Tuesday 16 January 2018

In their own write: Why pop stars make great novelists too

As Morrissey reveals his fiction debut is due this month, we look at the musicians with literary leanings

Morrissey is set to make his fiction debut
Morrissey is set to make his fiction debut
Gloria Estafen
Nick Cave

Siobhan Kane

The cover of Morrissey's forthcoming novel List of the Lost is as evocative as it is mysterious; a black and white image of a relay runner set against an orange background. What does it all mean?

At the end of September, we'll find out. The real surprise is that it has taken this long to surface, since Morrissey has always been synonymous with literate lyrics, and literature in general, from namechecking Brendan Behan in his song 'Mountjoy', to his love of the Brontë sisters, Charles Dickens, James Baldwin, and Oscar Wilde.

But in turning his hand to novel-writing, Morrissey is actually joining a grand tradition of musicians-turned-writers. One of the most critically acclaimed examples is Nick Cave, whose novels And the Ass Saw the Angel, and The Death of Bunny Munro both exist in atmospheres synonymous with his music; eccentric gothic characters and narratives peppered with violence,religion and madness.

Similarly, Richmond Fontaine's Willy Vlautin writes about the marginalized, folding in the ghost of Steinbeck on his debut The Motel Life, which tells the story of two alcoholic brothers living in a motel, when one brother accidentally runs over a boy on his bicycle.

Northline is about an alcoholic waitress in search of a better life, and Lean on Pete sees a homeless teenage boy befriending a racehorse while trying to find a long-lost aunt, recalling some of Bukowksi's work. Cave and Vlautin's novels are not necessarily radical departures, but companions to stories they tell in their music.

However, there can be odd departures; Madonna and her children's books The English Roses, which drew on inspiration from the Kabbalah religion, and Gloria Estefan's The Magically Mysterious Adventures of Noelle the Bulldog, which both appeared commercially-driven, rather than literary.

It has been said that to be a good writer,you must be a good reader, this is evident in The Decemberists' Colin Meloy's Wildwood Chronicles, illustrated by his wife Carson Ellis. They are a joy to behold. Referencing CS Lewis' The Chronicles of Narnia, the stories are set amid the natural beauty of Portland, Oregon, where two children, Prue and Curtis, go through the Impassable Wilderness to rescue a baby kidnapped by crows. It's a fantastical place, where animals start armies, and everything is topsy-turvy.

Singer Leonard Cohen was a poet before he was a troubadour, but he has also published two novels, Beautiful Losers,and The Favourite Game, with the latter a semi-autobiographical account of a boy growing up in Montreal, bringing to mind Salinger's Catcher in the Rye because of the way it captures the anxiety of youth.

Another semi-autobiographical novel is Gil Scott-Heron's The Vulture, written when he was just 19, narrated by four men who are all connected to a murdered, drug-dealing teenager,it recreates the gritty debauchery of 1960's inner-city New York, and even more impressively, Scott-Heron released the novel in 1970, the same year as his debut album,showing just how tightly bound up both worlds can be.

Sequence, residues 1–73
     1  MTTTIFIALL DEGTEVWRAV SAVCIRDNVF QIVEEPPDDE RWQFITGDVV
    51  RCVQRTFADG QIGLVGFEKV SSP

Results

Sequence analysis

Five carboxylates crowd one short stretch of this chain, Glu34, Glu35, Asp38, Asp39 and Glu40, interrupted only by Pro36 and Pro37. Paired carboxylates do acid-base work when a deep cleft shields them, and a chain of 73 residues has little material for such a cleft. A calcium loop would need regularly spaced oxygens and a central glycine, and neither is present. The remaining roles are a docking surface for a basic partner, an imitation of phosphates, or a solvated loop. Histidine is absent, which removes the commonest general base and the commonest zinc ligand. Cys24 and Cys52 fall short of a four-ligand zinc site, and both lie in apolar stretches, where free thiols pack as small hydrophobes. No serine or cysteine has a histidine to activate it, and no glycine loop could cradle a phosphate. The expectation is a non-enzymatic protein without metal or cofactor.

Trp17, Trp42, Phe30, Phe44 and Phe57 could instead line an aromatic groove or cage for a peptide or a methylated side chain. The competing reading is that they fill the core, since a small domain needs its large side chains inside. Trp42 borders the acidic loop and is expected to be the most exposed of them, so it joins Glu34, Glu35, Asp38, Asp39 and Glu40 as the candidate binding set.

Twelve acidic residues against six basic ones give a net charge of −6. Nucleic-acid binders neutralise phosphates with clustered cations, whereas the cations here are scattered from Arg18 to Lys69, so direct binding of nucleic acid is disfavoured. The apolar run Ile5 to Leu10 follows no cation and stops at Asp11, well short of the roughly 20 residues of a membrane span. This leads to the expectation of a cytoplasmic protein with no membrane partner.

There are many other examples; Sleeper's Louise Wener, who has written four novels, including the great Goodnight Steve McQueen, she now actually teaches novel-writing, and punk legend Richard Hell, whose novel, Godlike, is a deranged, decadent tale of excess in mid-'70's East Village, reimagining the relationship between 19th century French poets Paul Verlaine and Arthur Rimbaud. Ryan Adams's short stories and free verse poetry are collected in Infinity Blues, and Hello Sunshine, and Steve Earle released his collection of short stories Doghouse Roses in 2001.Closer to home,Galway band Toasted Heretic's Julian Gough has published three acclaimed novels, Juno & Juliet, Jude: Level 1, and Jude in London, and his Free Sex Chocolate juxtaposes poetry with earlier lyrics for the band, while Josh Ritter made a brilliant debut with Bright's Passage, where a World War I veteran goes back to his Appalachian roots, accompanied by an angel in the form of a horse.

Stephen King reviewing, wrote that Ritter was like "Ray Bradbury in his prime", which is no small compliment.

There are charming oddities: The Magnetic Fields' Stephin Merritt wrote a collection of four-line rhyming poems for each of the 101 two-letter words in The Official Scrabble Players Dictionary, and Silence by John Cage, is an interesting collection of lectures, essays, articles and scores, about the way we make, listen and think about music, with much of it laid out like poetry, just as David Byrne's How Music Works is dazzling in its use of non-linear narratives exploring music.

Courtney Love joined forces with DJ Milky (Stu Levy), to create the manga series Princes Ai, Tom Waits wrote a collection of poetry Hard Ground, and Rza from Wu Tang Clan, with his Tao of Wu, encourages us on a philosophical path to enlightenment.

When you think about it, all of this literary output makes perfect sense. Songwriters, like writers, are observers, with one foot in the street, and one in the universe, like Morrissey himself, whose autobiography was released under the Penguin Classic imprint in 2013, and whose lyrics have inspired legions of artists.

With PJ Harvey soon to release her first volume of poetry The Hollow of the Hand, autumn looks set to be an exciting time for readers. As Morrissey himself sings: "There's more to life than books, you know. But not much more."

Irish Independent

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